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Skull and neck vertebrae of the abelisaurid theropod Carnotaurus with clearly visible epipophyses. In this genus, the epipophyses are greatly enlarged.

Epipophyses are bony projections of the cervical vertebrae found in archosauromorphs, particularly dinosaurs (including some basal birds).[1] These paired processes sit above the postzygapophyses on the rear of the vertebral neural arch.[1] Their morphology is variable and ranges from small, simple, hill-like elevations to large, complex, winglike projections.[1] Epipophyses provided large attachment areas for several neck muscles; large epipophyses are therefore indicative of a strong neck musculature.[1]

The presence of epipophyses is a synapomorphy (distinguishing feature) of the group Dinosauria.[1] Epipophyses were present in the basal-most dinosaurs, but absent in the closest relatives of the group, such as Marasuchus and Silesaurus.[1] They were typical for most dinosaur lineages; however, they became lost in several derived theropod lineages in the wake of an increasingly S-shaped curvature of the neck.[1][2]

Several scientific papers have observed that epipophyses were present in various non-dinosaur archosauromorphs. These include several pseudosuchians (Batrachotomus, Revueltosaurus, Xilousuchus, Effigia, Hesperosuchus),[3] basal avemetatarsalians (aphanosaurs)[4] non-archosaur archosauriforms (Vancleavea[5], Halazhaisuchus[6]), rhynchosaurs,[7] several tanystropheids,[8] and allokotosaurs.[9] Sauropod-oriented paleontologist Mike Taylor has informally suggested that epipophyses were also present in the vertebrae of certain pterosaurs.[10][11][12]


  1. ^ a b c d e f g Brusatte, Stephen L. (2012). Dinosaur Paleobiology (1. ed.). New York: Wiley, J. p. 14. ISBN 978-0-470-65658-7.
  2. ^ Currie, Philip J. (1997). "Theropoda". In Philip J. Currie, Kevin Padian. Encyclopedia of dinosaurs. Acad. Press. p. 734. ISBN 978-0-12-226810-6.CS1 maint: Uses editors parameter (link)
  3. ^ Nesbitt, S.J. (2011). "The early evolution of archosaurs: relationships and the origin of major clades" (PDF). Bulletin of the American Museum of Natural History. 352: 1–292. doi:10.1206/352.1. hdl:2246/6112.
  4. ^ Nesbitt, Sterling J.; Butler, Richard J.; Ezcurra, Martin D.; Charig, Alan J.; Barrett, Paul M. (2018). "The anatomy of Teleocrater Rhadinus, an early avemetatarsalian from the lower portion of the Lifua Member of the Manda Beds (Middle Triassic)". Journal of Vertebrate Paleontology. 37 (sup1): 142–177. doi:10.1080/02724634.2017.1396539.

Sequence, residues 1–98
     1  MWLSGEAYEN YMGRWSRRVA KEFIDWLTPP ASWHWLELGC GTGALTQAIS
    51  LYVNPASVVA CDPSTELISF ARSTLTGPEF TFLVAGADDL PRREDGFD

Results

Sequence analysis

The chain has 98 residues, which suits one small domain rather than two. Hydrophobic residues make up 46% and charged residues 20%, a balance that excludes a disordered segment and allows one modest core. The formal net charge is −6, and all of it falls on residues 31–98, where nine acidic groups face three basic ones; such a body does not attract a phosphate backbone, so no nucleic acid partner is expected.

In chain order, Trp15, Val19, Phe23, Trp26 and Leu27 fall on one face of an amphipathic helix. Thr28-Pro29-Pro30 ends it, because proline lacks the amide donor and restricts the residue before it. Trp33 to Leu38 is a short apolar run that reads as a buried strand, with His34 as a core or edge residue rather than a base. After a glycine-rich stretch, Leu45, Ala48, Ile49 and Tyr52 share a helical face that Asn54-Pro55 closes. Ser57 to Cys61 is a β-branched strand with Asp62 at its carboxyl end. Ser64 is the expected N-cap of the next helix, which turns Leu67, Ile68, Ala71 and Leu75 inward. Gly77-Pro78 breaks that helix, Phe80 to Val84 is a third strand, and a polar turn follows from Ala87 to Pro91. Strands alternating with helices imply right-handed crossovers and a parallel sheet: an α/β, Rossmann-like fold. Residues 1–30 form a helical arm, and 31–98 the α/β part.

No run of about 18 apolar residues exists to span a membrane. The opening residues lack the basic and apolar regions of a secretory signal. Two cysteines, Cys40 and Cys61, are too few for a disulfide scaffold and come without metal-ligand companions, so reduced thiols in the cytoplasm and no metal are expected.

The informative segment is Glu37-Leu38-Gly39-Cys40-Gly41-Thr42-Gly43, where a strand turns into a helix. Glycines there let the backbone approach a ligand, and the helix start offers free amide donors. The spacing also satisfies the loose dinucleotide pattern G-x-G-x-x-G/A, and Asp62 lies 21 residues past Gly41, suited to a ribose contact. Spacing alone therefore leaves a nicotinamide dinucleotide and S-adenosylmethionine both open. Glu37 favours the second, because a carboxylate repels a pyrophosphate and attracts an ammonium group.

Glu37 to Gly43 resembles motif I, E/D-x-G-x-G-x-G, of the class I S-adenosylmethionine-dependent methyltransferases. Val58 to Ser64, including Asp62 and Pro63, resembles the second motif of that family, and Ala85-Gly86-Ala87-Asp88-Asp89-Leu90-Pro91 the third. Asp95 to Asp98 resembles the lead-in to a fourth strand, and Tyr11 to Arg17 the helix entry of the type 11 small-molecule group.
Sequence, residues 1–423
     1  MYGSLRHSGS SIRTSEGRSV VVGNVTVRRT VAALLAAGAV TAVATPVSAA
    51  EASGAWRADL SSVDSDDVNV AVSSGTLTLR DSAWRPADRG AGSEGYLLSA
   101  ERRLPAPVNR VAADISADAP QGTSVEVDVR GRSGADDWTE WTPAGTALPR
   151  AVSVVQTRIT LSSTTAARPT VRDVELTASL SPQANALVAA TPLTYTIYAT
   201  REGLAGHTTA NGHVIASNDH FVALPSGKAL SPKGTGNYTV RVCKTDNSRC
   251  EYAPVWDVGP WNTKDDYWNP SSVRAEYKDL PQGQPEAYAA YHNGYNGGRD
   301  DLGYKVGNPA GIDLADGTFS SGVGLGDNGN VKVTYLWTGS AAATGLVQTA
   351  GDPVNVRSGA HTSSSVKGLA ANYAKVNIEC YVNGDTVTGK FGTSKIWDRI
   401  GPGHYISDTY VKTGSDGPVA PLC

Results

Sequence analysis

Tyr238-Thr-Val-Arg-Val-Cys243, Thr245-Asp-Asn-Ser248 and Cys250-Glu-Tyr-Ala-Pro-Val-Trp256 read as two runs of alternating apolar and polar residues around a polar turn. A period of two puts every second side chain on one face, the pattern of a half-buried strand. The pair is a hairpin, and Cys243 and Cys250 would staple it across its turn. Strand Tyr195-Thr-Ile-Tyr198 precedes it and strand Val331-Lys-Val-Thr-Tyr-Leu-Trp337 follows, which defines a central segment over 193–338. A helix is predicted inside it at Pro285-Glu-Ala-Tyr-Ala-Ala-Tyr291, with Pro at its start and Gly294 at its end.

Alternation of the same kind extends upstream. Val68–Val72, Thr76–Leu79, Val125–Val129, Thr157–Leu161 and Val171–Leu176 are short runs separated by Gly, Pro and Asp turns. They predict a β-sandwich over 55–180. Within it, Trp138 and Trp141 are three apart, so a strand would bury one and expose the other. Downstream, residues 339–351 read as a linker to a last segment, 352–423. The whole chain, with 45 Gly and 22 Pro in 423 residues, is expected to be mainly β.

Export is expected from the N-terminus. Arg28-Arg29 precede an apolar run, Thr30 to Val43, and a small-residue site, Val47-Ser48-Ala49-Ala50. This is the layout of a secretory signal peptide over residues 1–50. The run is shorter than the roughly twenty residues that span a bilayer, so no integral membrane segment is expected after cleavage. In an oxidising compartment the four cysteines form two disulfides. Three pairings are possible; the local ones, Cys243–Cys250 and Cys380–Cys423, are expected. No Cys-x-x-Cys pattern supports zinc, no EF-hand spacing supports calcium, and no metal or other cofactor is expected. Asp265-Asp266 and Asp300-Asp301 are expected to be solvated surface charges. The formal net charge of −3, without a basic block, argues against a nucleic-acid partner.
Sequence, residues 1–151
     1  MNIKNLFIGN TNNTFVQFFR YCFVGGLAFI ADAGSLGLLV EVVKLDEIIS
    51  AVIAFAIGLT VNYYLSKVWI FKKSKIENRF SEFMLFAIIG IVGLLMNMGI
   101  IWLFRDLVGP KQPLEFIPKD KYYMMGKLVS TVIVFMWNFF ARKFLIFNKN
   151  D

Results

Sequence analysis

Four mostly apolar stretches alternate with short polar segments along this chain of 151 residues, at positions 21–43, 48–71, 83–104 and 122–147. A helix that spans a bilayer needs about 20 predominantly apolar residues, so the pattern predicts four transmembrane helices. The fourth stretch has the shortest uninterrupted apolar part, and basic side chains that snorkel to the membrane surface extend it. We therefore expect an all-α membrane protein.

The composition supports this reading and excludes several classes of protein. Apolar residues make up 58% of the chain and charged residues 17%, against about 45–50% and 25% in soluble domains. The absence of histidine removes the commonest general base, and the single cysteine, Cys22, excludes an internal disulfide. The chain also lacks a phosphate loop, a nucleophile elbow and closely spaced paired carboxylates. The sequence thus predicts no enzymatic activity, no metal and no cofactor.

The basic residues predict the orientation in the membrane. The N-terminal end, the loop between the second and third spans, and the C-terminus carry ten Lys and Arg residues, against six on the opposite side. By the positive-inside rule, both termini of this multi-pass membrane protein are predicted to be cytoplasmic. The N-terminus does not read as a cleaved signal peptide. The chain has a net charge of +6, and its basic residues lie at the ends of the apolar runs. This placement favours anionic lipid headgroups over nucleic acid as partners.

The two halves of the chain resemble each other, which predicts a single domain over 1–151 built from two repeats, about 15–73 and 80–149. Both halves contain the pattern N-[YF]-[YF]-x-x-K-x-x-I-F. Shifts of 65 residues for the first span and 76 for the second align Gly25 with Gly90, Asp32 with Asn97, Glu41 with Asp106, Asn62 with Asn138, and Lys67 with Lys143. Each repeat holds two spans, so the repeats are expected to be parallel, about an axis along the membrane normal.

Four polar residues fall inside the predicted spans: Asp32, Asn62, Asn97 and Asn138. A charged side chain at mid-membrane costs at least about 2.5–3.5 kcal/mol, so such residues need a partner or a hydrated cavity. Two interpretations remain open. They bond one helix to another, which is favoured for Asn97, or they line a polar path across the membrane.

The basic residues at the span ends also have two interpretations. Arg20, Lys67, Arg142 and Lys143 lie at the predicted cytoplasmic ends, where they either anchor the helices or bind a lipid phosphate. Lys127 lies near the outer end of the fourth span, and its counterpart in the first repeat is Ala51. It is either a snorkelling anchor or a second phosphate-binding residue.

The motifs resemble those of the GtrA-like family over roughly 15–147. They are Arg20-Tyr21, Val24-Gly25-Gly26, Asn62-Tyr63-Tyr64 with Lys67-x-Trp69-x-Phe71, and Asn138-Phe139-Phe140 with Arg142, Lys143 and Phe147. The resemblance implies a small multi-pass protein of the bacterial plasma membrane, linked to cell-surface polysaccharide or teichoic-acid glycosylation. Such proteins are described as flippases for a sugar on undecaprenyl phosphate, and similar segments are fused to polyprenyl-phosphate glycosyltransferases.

5. ^ Nesbitt, S. J.; Stocker, M. R.; Small, B. J.; & A. Downs (November 26, 2009). "The osteology and relationships of Vancleavea campi (Reptilia: Archosauriformes)". Zoological Journal of the Linnean Society. 157 (4): 814–864. doi:10.1111/j.1096-3642.2009.00530.x.CS1 maint: Multiple names: authors list (link)
  6. ^ Sookias, Roland B.; Sullivan, Corwin; Liu, Jun; Butler, Richard J. (2014-11-25). "Systematics of putative euparkeriids (Diapsida: Archosauriformes) from the Triassic of China". PeerJ. 2: e658. doi:10.7717/peerj.658. ISSN 2167-8359. PMC 4250070. PMID 25469319.
  7. ^ Montefeltro, Felipe Chinaglia; Bittencourt, Jonathas Souza; Langer, Max Cardoso; Schultz, Cesar Leandro (January 2013). "Postcranial anatomy of the hyperodapedontine rhynchosaurTeyumbaita sulcognathus(Azevedo and Schultz, 1987) from the Late Triassic of Southern Brazil". Journal of Vertebrate Paleontology. 33 (1): 67–84. doi:10.1080/02724634.2012.710285. ISSN 0272-4634.
  8. ^ Pritchard, Adam C.; Turner, Alan H.; Nesbitt, Sterling J.; Irmis, Randall B.; Smith, Nathan D. (2015-03-04). "Late Triassic tanystropheids (Reptilia, Archosauromorpha) from northern New Mexico (Petrified Forest Member, Chinle Formation) and the biogeography, functional morphology, and evolution of Tanystropheidae". Journal of Vertebrate Paleontology. 35 (2): e911186. doi:10.1080/02724634.2014.911186. ISSN 0272-4634.
  9. ^ Nesbitt, Sterling J.; Flynn, John J.; Pritchard, Adam C.; Parrish, J. Michael; Ranivoharimanana, Lovasoa; Wyss, André R. (2015-12-07). "Postcranial Osteology of Azendohsaurus madagaskarensis (?Middle to Upper Triassic, Isalo Group, Madagascar) and its Systematic Position Among Stem Archosaur Reptiles" (PDF). Bulletin of the American Museum of Natural History. 398: 1–126. doi:10.5531/sd.sp.15. hdl:2246/6624. ISSN 0003-0090.
  10. ^ Taylor, Mike (2015-02-02). "Epipophyses, the forgotten apophyses: not just for sauropods!". Sauropod Vertebra Picture of the Week.
  11. ^ Taylor, Mike (2015-02-05). "The equivocal epipophyses of Cf. Quetzalcoatlus". Sauropod Vertebra Picture of the Week.
  12. ^ Taylor, Mike (2015-02-04). "Further exciting developments in the field of non-sauropod epipophyses". Sauropod Vertebra Picture of the Week.
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